Picking up sticks, looking through notches

I picked up a woodpile this morning (not all at once). I had smashed it with a falling maple on Sunday, with the help of my son Freedom (old family name, by the way, though he tells people his parents were hippies). There was nowhere else to fell the tree. In fact, we had to drop the tree in a slot between the cabin and the outhouse. With the help of a long rope (and Freedom on the other end of it), we put the tree where we wanted it, which was right across a single stack of firewood eight feet long by three or four feet high piled between two stumps and full of rounders (smaller unsplit logs). When the trunk of the maple smashed into it, it made a sound like a strike to the pocket at a ten-pin alley, or rather simultaneous strikes across all the lanes. We cut off the limbs and diced up the logs and dragged the brush away. The tree was a red maple, which splits well. Freedom whacked up some of the pieces – and then went back to Boston.

So I had to rebuild the pile myself. Picking up sticks, playing with blocks – “oh, just another game,” as Frost says of wall mending. Why should children have all the fun? Age is second childhood. Last week in the woods in back of the house I cleared a nave between two maples to show off a glacial erratic (a car-sized boulder) sitting right under the middle of the vault. The boulder reminded me of the big rock at the edge of the field that was the physical end of the world I inhabited for the first six years of my life in Cheshire, Connecticut. This one is like a massive dark altar in a natural cathedral. Standing on top of it, you are higher than the top of the house and can see the gentle summit of Bald Mountain rising above the trees farther down the mountainside.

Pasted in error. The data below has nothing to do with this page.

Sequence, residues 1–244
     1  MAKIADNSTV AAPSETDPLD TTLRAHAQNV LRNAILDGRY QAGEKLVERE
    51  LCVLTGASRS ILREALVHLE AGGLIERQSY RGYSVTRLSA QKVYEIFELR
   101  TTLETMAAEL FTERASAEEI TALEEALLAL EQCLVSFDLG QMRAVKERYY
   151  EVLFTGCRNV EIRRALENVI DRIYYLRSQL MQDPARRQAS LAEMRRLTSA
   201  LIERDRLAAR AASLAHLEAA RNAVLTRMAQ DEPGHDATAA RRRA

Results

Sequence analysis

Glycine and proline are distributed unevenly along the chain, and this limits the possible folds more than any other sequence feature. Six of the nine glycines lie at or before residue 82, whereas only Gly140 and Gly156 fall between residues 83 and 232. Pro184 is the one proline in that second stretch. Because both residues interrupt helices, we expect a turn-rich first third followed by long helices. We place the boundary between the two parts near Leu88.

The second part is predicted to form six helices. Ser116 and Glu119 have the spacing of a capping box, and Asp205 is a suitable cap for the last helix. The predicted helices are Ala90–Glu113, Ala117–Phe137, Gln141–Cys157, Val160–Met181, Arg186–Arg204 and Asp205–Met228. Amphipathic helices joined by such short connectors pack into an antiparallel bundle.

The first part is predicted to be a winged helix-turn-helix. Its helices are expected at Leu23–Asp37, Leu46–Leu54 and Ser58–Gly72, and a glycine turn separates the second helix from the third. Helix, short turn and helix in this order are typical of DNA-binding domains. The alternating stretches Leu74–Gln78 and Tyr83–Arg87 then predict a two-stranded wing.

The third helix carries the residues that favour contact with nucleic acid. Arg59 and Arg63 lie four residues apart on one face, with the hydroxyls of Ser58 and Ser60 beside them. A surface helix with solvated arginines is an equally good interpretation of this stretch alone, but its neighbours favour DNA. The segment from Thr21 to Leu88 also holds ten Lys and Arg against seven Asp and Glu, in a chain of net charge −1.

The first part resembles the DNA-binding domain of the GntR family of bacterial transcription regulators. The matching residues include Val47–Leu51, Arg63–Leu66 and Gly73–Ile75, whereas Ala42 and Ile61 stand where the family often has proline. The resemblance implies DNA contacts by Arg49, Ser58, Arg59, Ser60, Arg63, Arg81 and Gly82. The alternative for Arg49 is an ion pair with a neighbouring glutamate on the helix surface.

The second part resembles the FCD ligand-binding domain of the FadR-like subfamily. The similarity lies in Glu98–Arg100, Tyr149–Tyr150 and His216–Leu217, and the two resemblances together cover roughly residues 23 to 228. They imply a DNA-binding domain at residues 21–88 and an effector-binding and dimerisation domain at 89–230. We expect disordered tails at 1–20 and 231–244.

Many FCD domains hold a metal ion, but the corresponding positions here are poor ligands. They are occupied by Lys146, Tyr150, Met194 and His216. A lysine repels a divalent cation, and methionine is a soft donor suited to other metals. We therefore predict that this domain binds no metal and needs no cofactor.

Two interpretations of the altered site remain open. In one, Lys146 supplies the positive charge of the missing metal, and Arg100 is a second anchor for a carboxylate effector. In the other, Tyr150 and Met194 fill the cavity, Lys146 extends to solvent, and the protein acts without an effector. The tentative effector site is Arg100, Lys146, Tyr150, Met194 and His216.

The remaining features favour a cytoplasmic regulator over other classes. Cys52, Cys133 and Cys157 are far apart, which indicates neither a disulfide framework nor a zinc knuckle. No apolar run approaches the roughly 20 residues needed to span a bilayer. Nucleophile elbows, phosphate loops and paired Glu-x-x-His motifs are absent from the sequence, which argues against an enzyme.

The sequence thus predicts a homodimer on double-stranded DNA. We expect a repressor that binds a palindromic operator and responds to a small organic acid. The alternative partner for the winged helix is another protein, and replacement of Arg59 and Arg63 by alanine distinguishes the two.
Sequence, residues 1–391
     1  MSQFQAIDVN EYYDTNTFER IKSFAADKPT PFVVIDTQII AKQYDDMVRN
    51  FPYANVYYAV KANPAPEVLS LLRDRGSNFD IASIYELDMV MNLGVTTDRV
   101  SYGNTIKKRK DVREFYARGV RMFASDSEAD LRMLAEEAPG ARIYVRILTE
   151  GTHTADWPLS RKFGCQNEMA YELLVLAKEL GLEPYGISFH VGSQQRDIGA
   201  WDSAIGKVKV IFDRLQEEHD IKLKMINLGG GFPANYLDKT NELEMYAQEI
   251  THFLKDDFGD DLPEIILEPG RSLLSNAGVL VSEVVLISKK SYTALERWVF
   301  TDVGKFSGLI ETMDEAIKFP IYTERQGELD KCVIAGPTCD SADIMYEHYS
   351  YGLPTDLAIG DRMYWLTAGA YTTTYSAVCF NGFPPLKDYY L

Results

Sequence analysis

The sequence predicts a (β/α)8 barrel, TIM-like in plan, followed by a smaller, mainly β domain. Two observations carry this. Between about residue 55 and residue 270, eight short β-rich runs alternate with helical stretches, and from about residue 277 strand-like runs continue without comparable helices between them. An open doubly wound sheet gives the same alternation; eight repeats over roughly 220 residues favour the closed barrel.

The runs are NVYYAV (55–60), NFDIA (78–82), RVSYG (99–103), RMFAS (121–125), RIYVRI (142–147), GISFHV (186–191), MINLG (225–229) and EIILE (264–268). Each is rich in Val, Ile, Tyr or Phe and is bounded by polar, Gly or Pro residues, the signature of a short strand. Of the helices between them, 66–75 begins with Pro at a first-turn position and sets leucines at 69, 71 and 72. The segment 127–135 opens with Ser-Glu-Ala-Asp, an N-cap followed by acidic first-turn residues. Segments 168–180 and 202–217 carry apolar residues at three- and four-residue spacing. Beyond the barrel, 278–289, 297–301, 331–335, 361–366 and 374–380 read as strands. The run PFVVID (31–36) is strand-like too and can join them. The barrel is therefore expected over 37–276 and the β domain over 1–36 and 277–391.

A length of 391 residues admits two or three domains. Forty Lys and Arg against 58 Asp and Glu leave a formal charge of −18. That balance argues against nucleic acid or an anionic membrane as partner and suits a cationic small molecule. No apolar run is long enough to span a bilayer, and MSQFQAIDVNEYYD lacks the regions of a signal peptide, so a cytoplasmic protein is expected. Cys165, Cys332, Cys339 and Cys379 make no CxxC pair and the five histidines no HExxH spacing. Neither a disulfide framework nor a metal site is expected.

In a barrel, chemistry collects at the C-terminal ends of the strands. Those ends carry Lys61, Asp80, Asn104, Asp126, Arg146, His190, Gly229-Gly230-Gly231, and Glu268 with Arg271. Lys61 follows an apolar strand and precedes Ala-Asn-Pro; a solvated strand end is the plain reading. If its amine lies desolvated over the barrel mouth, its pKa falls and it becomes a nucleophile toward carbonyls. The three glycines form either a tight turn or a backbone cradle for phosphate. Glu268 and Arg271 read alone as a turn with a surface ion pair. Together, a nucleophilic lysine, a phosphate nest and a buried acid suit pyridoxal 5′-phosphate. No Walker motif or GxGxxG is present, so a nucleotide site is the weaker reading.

We had cut the maple down to improve the view from the top of a slope from which we had already cleared the small trees. I had cleared the same slope 25 years ago, but it had grown up to young forest while I was away in Greece. The view was better then, as the forest lower down the mountainside was younger. We had a hammock and a picnic table at the top of the slope near another rock, under a large pine. When I returned to this house after an absence of twenty years I walked up to the spot and found some relic or other of the children’s among the leaves. I don’t remember what it was exactly, Frost’s line from “Directive,” “Some shattered dishes underneath a pine” (it never fails to go right through me) having subsumed it in my memory. I piled the remains of the picnic table in the woods after removing the bolts (it had been a cast-off from Shaftsbury State Park – Holly and I carried it up the hill together). The maple Freedom and I had just cut had been left on the edge of the lawn behind the chicken coop (the only truly flat extent of land in our twenty-three and a half acres and the site of our badminton court), and it had grown tall and bushy. When we brought it down, we trooped up to test the view, which is south-south-east down to where the valley opens and spreads out around the town of Bennington. Sure enough, there was Mount Greylock, looking very like a whale – as it also does from the south, notably from the room where Herman Melville wrote Moby Dick at Arrowhead. We enjoyed the view (I seem to be fond of that phrase) and returned to work.